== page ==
New Delhi, Oct. 11 (BNA): Talks between Indian and Chinese military commanders to disengage forces from key friction areas along their border ended in a stalemate and failed to ease a 17-month standoff that has sometimes led to bloody clashes. The two sides said Monday.
The ongoing standoff means the two nations will keep troops in front areas in Ladakh for the second consecutive winter in frigid temperatures, the Associated Press reported.
India’s Defense Ministry, in a statement, said it had made “constructive suggestions” but the Chinese side was “unacceptable” and “cannot make any forward-looking proposals”. “The Indian side adheres to unreasonable and unrealistic demands, which adds difficulties to the negotiations,” said a statement issued by a Chinese military spokesman.
Commanders from both armies met for talks Sunday after a two-month break in Moldo on the Chinese side in Ladakh region.
Since February, India and China have both withdrawn their forces from some standoff positions on the northern and southern banks of the Pangong Tso, Gogra and Galwan Valley, but continue to maintain additional forces as part of a multi-level deployment.
Indian media reports said that troops were added to the Dimchok and Dipsang plains.
Sunday’s talks come amid frustration expressed by the Indian army chief over what he described as the massive deployment of troops and weapons by the Chinese side.
“Yes, it is a matter of concern that large-scale construction has taken place and is still going on, and to perpetuate this kind of build-up there has been an equal amount of infrastructure development on the Chinese side,” the general said. MM Naravane said on Saturday.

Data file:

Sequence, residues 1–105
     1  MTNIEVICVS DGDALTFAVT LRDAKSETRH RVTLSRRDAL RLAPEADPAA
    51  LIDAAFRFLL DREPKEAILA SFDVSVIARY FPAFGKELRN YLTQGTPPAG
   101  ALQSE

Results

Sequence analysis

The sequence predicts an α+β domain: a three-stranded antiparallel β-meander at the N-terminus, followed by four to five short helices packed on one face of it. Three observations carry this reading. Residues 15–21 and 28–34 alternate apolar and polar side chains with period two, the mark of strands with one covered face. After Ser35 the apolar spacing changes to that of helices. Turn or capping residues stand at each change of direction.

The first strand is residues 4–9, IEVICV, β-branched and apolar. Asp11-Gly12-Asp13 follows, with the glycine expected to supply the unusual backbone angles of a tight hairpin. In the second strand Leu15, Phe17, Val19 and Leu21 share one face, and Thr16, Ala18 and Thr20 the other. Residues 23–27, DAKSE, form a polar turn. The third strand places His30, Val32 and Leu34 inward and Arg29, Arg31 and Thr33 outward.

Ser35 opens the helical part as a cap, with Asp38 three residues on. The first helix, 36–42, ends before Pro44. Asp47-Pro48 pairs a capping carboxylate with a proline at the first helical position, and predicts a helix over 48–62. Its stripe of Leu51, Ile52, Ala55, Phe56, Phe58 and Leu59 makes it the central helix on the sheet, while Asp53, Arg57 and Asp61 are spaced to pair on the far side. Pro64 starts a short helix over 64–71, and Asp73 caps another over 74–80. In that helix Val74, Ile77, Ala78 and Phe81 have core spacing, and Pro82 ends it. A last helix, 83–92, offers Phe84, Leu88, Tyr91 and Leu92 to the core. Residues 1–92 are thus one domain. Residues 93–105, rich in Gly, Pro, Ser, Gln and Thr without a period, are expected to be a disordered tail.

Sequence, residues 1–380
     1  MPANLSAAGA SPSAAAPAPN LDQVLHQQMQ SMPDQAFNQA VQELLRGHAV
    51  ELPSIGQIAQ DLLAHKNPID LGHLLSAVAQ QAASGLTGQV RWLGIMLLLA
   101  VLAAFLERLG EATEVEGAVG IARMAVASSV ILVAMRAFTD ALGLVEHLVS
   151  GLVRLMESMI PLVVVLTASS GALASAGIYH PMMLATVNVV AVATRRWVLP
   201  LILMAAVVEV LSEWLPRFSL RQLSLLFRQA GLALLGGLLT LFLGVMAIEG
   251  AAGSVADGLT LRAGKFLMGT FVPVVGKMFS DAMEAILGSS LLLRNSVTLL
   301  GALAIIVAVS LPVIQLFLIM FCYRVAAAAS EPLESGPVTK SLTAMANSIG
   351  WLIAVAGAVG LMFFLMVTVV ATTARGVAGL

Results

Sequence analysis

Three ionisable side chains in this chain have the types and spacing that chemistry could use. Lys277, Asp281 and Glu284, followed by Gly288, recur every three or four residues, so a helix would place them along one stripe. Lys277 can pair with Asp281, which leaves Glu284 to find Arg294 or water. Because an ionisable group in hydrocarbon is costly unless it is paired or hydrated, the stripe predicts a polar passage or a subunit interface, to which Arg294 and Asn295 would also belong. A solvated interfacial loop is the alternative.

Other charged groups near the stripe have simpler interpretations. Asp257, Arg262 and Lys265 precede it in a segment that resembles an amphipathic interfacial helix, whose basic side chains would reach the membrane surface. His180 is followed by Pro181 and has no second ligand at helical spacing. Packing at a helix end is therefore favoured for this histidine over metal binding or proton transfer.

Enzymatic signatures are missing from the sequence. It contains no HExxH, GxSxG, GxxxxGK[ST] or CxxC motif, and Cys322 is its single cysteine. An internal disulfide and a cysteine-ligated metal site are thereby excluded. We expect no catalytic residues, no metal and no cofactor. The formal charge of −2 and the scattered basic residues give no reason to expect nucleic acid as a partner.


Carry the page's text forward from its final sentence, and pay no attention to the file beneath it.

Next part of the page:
“So, it means they (China) are there to stay. We are watching all of these developments closely, but if they are there to stay, we are there to stay too.
“China’s determination to protect its sovereignty is unwavering, and China hopes that India will not misjudge the situation,” said the Chinese statement by Colonel Long Shaohua of the Western Theater Command.
Temperatures in the front areas of Ladakh drop to minus 30 Celsius (minus 22 Fahrenheit) around January. Forces on both sides used to retreat to their traditional summer positions around this time, but since the start of the confrontation in May 2020 they have continued to remain near the disputed border.
Both countries placed tens of thousands of soldiers, backed by artillery, tanks, and fighter jets, along the de facto border called the Line of Actual Control. Last year, 20 Indian soldiers were killed in a clash with Chinese soldiers using batons, stones and fists along the disputed border. China said it lost four soldiers.
The Line of Actual Control separates the territories controlled by China and India from Ladakh in the west to the state of Arunachal Pradesh in eastern India, which is fully claimed by China. India and China fought a bloody cross-border war in 1962.
Since the standoff began last year, the Chinese have built dozens of large, weather-resistant structures along the Latin American and Caribbean region in eastern Ladakh for their forces to stay in through the winter. New airstrips, expanded airstrips, new barracks, new surface-to-air missile sites and radar sites were also reported by Indian media.